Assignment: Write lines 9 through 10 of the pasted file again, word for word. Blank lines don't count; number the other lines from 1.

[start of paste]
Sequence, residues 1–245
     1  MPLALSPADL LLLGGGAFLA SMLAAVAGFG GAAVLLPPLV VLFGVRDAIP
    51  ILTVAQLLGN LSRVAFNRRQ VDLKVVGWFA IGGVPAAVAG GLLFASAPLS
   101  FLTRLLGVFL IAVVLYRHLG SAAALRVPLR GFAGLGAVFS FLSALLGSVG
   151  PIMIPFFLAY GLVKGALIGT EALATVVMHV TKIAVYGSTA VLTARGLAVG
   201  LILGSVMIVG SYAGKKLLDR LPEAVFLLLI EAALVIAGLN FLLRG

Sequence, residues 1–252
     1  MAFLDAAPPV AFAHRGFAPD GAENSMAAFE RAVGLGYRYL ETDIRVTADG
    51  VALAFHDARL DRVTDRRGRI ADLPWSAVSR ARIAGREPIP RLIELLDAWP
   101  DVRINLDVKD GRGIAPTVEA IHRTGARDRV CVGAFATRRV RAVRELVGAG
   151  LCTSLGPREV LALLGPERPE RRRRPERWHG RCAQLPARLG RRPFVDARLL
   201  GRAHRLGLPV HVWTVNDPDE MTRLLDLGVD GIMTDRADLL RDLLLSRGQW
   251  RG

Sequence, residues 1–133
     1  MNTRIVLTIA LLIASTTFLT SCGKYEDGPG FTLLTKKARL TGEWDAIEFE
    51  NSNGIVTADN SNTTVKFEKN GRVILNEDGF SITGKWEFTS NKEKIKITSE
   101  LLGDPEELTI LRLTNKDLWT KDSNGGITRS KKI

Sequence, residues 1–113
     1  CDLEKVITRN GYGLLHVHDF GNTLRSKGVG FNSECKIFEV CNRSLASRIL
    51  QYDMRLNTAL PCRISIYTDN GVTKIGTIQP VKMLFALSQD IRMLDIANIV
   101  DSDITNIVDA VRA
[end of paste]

    51  VALAFHDARL DRVTDRRGRI ADLPWSAVSR ARIAGREPIP RLIELLDAWP
   101  DVRINLDVKD GRGIAPTVEA IHRTGARDRV CVGAFATRRV RAVRELVGAG